Green lists, red lists and cries of ‘what’s the point of an amber list anyway’? This week has seen a continuation in the ongoing saga of overseas travel.
Not only does this continue to cause a great deal of uncertainty for the travel and hospitality industries but it also causes a few HR headaches for employers when it comes to managing annual leave.
In this article we look at some of the common issues and frequently asked questions from employers as we head towards the summer holiday season.
Employees needing to self-isolate on their return from holiday.
Employers cannot insist that employees return to work prior to any period of self-isolation.
If the employee wishes to go away for two weeks but they know they will be required to self-isolate on their return, then they should be booking leave to cover this.
Usually, employers have rules around how long an employee can book leave, for example employees may require special permission for any leave requests exceeding two weeks.
Whilst any leave request is up to the employer to approve, it is important to be reasonable. Your employee may be travelling to a country on the amber list because they have a family emergency or wish to attend a funeral. Whatever the circumstances if you can accommodate the leave then do so.
If, however, you genuinely cannot authorise the leave, or perhaps the employee does not have sufficient leave to cover their period of isolation, you can turn the request down.
Employees travelling to a destination on the ‘amber’ list and not booking sufficient leave to accommodate their self-isolation period.
As above, the employer has the ultimate say in whether they approve a request for annual leave or not.
Employees cannot insist that they be granted leave at a specific time if the needs of the business genuinely cannot sustain it.
The conundrum employers have here is that employees do not have to declare to their employer the reason they are requesting annual leave. However, if they knew prior to travelling that they needed to self-isolate and did not take the necessary steps to agree the time off, then they may face formal disciplinary action on their return.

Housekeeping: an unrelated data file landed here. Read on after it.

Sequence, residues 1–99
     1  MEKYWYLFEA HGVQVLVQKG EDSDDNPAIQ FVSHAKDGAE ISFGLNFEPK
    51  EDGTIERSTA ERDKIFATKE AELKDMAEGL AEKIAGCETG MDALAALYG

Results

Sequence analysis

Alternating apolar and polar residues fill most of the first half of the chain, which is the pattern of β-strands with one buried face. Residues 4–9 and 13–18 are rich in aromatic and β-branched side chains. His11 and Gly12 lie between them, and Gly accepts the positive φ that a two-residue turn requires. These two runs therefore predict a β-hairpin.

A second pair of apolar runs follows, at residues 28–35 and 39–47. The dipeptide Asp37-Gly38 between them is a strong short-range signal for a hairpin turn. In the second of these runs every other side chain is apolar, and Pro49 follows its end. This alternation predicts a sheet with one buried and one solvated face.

Where travel restrictions change whilst the employee is away, this is outside their control. They should contact you at the earliest opportunity and if you are able to extend their annual leave you can. Other than that, a period of unpaid leave will need to be agreed.
What about statutory sick pay?
Statutory sick pay (SSP) is not payable if someone is simply self-isolating in accordance with the travel rules on their return to the UK. SSP will be payable though if they, or someone they are travelling with, or have been in contact with, has COVID-19 or COVID-19 symptoms.
Can I ask someone where they are planning to travel whilst on their annual leave?
Under the circumstances it would be appropriate for you to ask.
Alternatively, you could add a note to holiday booking forms or issue a companywide communication to advise staff that they should seek appropriate travel advice if they are traveling outside the UK.
You could add that if travel restrictions and/or self-isolation rules are in place, they travel at their own risk and the company will not necessarily agree to extend a period of paid leave for self-isolation reasons.
What if an employee fails to self-isolate on their return to the UK and instead comes back to work?
This is potentially a very serious situation because their actions could place their colleagues and/or your customers at risk.
Seek advice from us immediately before taking any formal action. You should also contact our Health & Safety experts immediately, if you are not signed up to this part of our service then now is the time to contact us to discuss this.
Requests to cancel annual leave due to changes in travel restrictions
3rd June 2021 saw Portugal removed from the green travel list* and the situation regarding safe travel is changing all the time.
As a result, we are likely to see a lot of employees cancelling their annual leave due to not being able to travel.
Employers need to act reasonably here but at the same time it is understandable that you don’t want employees to store up lots of annual leave, only to have them make a mad rush to book leave when (eventually) travel restrictions are fully lifted.
Make sure you remind staff throughout the year to book their leave, make clear that leave request will be considered on a first come first served basis and you cannot guarantee that all requests will be accommodated.
It is also worth bearing in mind the Working Time (Coronavirus) (Amendment) Regulations 2020. Where it is not ‘reasonably practicable’ for an employee to take some, or all, of their annual leave due to the pandemic, they can carry over up to 4 weeks leave into the next 2 leave years.
It is important however, that employees are not unreasonably refused their right to book and take annual leave and any arrangements for the carry-over of leave must be discussed and properly communicated with staff.
* The devolved nations usually adopt the same approach as England regarding overseas travel and at the time of writing Scotland and Northern Ireland have already mirrored England’s travel restrictions.
If in doubt- always seek our advice.